And yes, they recycle plastic.
By Juliet Martinez
Since 2014, every time Dianne Shenk looked behind her store on Second Avenue in Hazelwood, she saw an enormous pile of trash at the recycling facility less than 200 yards away. But one day last year, something was different.
“I looked down there one day and I was like, ‘Wait, where’s the pile of trash?’” Ms. Shenk said. “There was no pile of trash.”
The 8.5-acre Recycle Source facility in Hazelwood processes all the residential recycling the City of Pittsburgh collects. Good things are happening there, and the neighbors can tell.
GGMJS Properties LLC bought the site in 2014 after the previous owner, Pittsburgh Recycling Services, declared bankruptcy. At that time, the site had been abandoned for several months and become so badly infested with rats that neighbors held a protest.
The protests died down, but the rat problem did not go away.
“Everybody knows that there are lots of rats, and everybody knows that the rats, in part, are from the recycling center,” Ms. Shenk said.
But that has recently changed, too.
Last April, Will Hancock started working at Recycle Source as the vice president of business development after a career selling recycling equipment. He knew the facility needed to upgrade and also become a better neighbor.
On the grounds of Recycle Source, large dirt piles provided an ideal habitat for rats. Those are now paved over and regularly cleaned. Black, hard plastic rat traps sit every 50 feet around the perimeter of the property. Mr. Hancock said the exterminator comes every two weeks. Next, Mr. Hancock will remove concrete blocks inside the plant that have gaps where rats can make nests.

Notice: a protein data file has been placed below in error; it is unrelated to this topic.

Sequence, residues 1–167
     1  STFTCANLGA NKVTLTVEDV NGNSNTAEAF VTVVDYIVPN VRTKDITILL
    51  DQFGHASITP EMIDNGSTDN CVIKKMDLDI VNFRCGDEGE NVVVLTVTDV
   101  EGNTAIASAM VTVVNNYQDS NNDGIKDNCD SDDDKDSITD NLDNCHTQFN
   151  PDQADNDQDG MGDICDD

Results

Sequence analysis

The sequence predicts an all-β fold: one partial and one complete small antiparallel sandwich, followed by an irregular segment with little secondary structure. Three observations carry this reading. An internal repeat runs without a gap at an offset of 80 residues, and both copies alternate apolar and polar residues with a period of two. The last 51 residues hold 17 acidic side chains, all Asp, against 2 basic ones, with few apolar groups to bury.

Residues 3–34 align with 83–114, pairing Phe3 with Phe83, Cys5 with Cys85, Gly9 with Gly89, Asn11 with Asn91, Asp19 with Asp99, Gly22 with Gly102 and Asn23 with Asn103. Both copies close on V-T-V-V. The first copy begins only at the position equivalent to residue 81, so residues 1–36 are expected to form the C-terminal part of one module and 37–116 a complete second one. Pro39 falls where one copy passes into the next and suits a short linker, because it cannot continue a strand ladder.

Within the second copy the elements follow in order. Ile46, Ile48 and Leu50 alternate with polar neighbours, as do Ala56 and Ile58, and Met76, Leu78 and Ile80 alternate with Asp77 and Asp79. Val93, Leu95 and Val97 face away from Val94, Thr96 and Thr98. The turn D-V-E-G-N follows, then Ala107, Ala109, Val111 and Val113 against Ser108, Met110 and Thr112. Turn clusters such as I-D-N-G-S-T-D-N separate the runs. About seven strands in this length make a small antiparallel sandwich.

“There was a ton of trash and a ton of rats,” Marcy Lydon of Greenfield remembers. She feeds a cat colony near the recycling facility. “It was so bad. They were just running around. But then that guy came in and it seemed like it’s not as many rats or [as much] trash.”
Mr. Hancock focuses on containing and managing the rat problem so they do not venture out into the neighborhood, though he said the problem will never go away because rats come in with the commercial recycling drop-offs.
Pittsburgh residents can help by washing containers before putting them in the recycling. Taking a minute to clean the peanut butter or marinara out of a jar not only keeps the facility cleaner, it keeps bins at home cleaner too.
“You can rinse out a beer can and your garbage won’t smell like beer,” he said. Clean recycling also eliminates the need for a bag. Garbage bags are not recyclable, so workers must pick them out and rip them open or they gum up the system.
From a jalopy to a racecar
On January 10, Mr. Hancock started up the new material recovery facility or MRF (pronounced "murf")system for the first time. It replaces the antiquated one workers struggled with for years. The old system was a source of constant stress, like driving an old car that broke down all the time, Mr. Hancock said. It spilled waste off the sides, relied on outdated technology and was easily clogged by wet paper or cardboard, a perennial problem in this climate.
Compared to that, the new MRF is a race car. It stretches about half the length of the roughly 600-foot facility and roars steadily when running. The dark seafoam green sides contrast with bright yellow safety railings and wide black conveyor belts and chutes. To one side, a slowly rotating Trommel drum, a large tube with small holes in the sides, catches broken glass, raining small pieces onto a pile destined for another life as marinara jars and beer bottles.